To prevent an overestimation of CRISPR spacer diversity by accounting for 454 GS FLX sequencing read errors, the extracted spacers were grouped via BLASTclust, with parameters of 95% length overlap and 90% identity. Each group of spacers was considered one species and the abundance of each group was considered the abundance of each species, calculated from the total of the abundance of each spacer within the group. Rarefaction curves were created using Analytic Rarefaction 1.3 (developed by S. M. Holland, University of Georgia; program freely available at http://www.uga.edu/strata/software/).
Reconstruction of CRISPR loci variants
Spacer orders for each sequencing read (that contained at least two spacers) was obtained by listing the sequential order of each spacer (while ignoring the repeat sequence). The spacer order was then converted into a group order (all spacers were converted into groups), reducing the total overall amount of data used to assemble each CRISPR loci. The group orders were imported into Microsoft Excel and arrayed manually. Notably, the sequence of each spacer was listed as well to resolve any ambiguities.
Spacer matches to host genome and non-CRISPR reads
Spacer matches against the host genome and non-CRISPR-containing sequencing reads were determined by using blastn to detect perfect (100% match across 100% spacer length) and imperfect (90% identity over 85% length spacer length) nucleotide matches. For host genome matches, spacers were searched against the Leptospirillum group II and Leptospirillum group III genome sequences (Goltsman et al., 2009). For further analysis, only reads with proto-spacer sequences flanking an accurate PAM sequence (see below) were considered. For non-CRISPR-containing sequencing reads, the spacers were searched against all metagenomic read datasets listed in Table 1, with both Leptospirillum group II and Leptospirillum group III CRISPR reads removed.
Identification and frequency of PAM sequences
PAM sequences for both Leptospirillum group II and Leptospirillum group III were identified by obtaining all the 5′ and 3′ flanking sequences flanking a proto-spacer sequence that matched perfectly to a spacer. These flanking sequences from both ends were then used as input for the program Weblogo to examine the frequency of each nucleotide for every position. Notably for Leptospirillum group II, the 5′ flanking sequence contained three conserved nucleotides (‘AAG’) and for Leptospirillum group III, the 5′ flanking sequence contained two conserved nucleotides (‘AA’). Both PAM sequences were immediately flanking the proto-spacer sequence. For all perfect and imperfect spacer/proto-spacer matches, the two and three bases immediately upstream of each proto-spacer sequence was obtained to determine the frequency of accurate and inaccurate PAM sequences for Leptospirillum group II and Leptospirillum group III, respectively.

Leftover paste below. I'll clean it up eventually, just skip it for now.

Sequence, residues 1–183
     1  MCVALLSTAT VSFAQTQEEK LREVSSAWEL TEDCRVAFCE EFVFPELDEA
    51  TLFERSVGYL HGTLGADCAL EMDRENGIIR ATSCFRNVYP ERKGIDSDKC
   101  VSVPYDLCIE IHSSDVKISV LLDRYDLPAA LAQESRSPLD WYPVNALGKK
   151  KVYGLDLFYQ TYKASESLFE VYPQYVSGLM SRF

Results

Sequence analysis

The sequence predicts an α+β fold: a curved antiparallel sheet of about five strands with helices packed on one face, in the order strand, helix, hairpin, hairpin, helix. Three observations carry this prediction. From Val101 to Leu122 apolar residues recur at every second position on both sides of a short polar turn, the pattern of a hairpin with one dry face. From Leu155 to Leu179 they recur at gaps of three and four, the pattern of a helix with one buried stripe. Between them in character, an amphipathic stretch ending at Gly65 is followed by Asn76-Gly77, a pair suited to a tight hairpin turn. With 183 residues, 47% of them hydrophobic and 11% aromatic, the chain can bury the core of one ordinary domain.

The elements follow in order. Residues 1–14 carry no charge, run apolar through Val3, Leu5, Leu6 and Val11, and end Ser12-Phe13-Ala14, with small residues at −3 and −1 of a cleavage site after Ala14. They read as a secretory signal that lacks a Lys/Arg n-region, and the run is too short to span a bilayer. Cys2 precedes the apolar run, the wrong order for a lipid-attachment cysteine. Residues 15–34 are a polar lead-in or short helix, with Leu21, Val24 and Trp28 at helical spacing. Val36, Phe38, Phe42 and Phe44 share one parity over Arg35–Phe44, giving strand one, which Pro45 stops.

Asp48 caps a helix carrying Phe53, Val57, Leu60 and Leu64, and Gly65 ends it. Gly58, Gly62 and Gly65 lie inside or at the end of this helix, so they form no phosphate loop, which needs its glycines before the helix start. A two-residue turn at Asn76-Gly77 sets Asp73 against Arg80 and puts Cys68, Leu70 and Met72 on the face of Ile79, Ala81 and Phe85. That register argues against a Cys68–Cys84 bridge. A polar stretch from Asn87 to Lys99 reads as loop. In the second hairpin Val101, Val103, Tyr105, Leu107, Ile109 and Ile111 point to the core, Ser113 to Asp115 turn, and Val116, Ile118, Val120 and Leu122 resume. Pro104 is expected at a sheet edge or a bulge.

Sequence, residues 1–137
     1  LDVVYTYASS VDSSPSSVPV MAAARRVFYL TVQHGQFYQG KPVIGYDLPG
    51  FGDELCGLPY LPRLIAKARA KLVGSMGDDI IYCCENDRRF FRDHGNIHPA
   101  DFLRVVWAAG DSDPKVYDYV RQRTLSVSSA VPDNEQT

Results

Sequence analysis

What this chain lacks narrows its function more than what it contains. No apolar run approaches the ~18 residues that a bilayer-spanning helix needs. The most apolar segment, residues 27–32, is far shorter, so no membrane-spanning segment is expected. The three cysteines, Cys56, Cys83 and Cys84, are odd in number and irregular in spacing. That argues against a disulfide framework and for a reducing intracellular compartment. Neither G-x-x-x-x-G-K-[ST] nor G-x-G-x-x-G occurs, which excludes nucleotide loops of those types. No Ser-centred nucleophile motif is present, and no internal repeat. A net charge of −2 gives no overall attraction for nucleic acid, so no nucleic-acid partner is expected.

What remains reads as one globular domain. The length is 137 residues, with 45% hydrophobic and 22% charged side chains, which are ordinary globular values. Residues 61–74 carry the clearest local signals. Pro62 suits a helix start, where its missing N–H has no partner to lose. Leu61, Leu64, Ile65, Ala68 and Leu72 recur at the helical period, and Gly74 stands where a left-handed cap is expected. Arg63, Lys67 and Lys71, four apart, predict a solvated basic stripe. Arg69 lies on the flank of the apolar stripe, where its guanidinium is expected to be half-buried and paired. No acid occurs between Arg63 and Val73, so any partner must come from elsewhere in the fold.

Sampling and genomic data
We studied nine microbial biofilm communities sampled from the air-water interface in the Richmond Mine (40° 40′ 38.42” N and 122” 31′ 19.90” W) at the 5way, A Drift (UBA) and C Drift (C75m) locations (Table 1 and Supplementary Figure S1). Analysis included Sanger-sequenced metagenomic data from the 5way (March 2002) and UBA location (June and November 2005) (Tyson et al., 2004; Lo et al., 2007; Andersson and Banfield, 2008). 454 FLX sequencing was applied to community DNA extracted from five samples from the C75 location (June 2006, August 2006, November 2006, May 2007 and August 2007) (Denef et al., 2010; Denef and Banfield, 2012).
Previous analysis of the Leptospirillum group II spacer complement indicated high levels of spacer diversity, especially in the 5way population (Tyson and Banfield, 2008), but sampling depth was insufficient to assess this inference in detail. Thus, for 5way (March 2002) and UBA (July 2005) samples, the entire Leptospirillum group II CRISPR locus was amplified with specific CRISPR primers and sequenced via 454 FLX (see Materials and methods).
From the metagenomic datasets (5way and UBA), we recovered spacers and associated Cas protein sequences from CRISPR regions in Leptospirillum group II and III genomes (Simmons et al., 2008; Tyson and Banfield, 2008; Goltsman et al., 2009). The two closely related species of Leptospirillum group II (5way and UBA type) both have a single type I-E CRISPR system (Supplementary Figure S2), whereas the Leptospirillum group III encodes two systems—one type I-E (Supplementary Figure S2) and one similar to type III (not discussed because of insufficient sequence coverage). The Cas1 proteins, present in all CRISPR-Cas systems, of the 5way and UBA types of Leptospirillum group II as well as Leptospirillum group III cluster closely with the Cas1 proteins of other type I-E systems (Supplementary Figure S3).